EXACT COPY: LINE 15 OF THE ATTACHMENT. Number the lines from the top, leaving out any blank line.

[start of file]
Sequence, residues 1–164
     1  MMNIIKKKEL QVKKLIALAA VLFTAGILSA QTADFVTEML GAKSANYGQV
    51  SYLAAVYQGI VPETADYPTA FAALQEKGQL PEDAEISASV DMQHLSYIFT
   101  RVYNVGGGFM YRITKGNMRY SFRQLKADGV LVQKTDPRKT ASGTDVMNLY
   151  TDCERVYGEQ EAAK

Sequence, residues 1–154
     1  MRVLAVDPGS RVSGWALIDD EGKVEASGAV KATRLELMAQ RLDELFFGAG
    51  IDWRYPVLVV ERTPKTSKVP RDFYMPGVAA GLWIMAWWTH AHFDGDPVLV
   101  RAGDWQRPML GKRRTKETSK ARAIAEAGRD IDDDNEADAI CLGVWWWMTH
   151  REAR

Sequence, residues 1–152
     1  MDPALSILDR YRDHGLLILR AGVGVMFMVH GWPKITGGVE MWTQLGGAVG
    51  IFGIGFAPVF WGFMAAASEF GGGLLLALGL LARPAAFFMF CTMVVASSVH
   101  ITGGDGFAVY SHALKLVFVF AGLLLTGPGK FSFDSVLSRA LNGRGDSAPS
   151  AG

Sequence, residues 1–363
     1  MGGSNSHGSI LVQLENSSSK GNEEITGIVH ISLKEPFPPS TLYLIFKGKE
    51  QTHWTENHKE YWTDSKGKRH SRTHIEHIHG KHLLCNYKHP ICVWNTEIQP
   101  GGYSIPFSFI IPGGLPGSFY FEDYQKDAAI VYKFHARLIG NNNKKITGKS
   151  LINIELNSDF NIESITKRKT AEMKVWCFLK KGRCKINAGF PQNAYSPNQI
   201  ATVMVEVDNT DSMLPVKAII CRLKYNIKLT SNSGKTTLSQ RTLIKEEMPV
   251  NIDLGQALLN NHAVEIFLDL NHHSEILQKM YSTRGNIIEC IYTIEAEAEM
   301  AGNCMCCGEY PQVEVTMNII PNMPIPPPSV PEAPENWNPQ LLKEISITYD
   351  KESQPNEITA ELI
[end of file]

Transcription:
   151  AG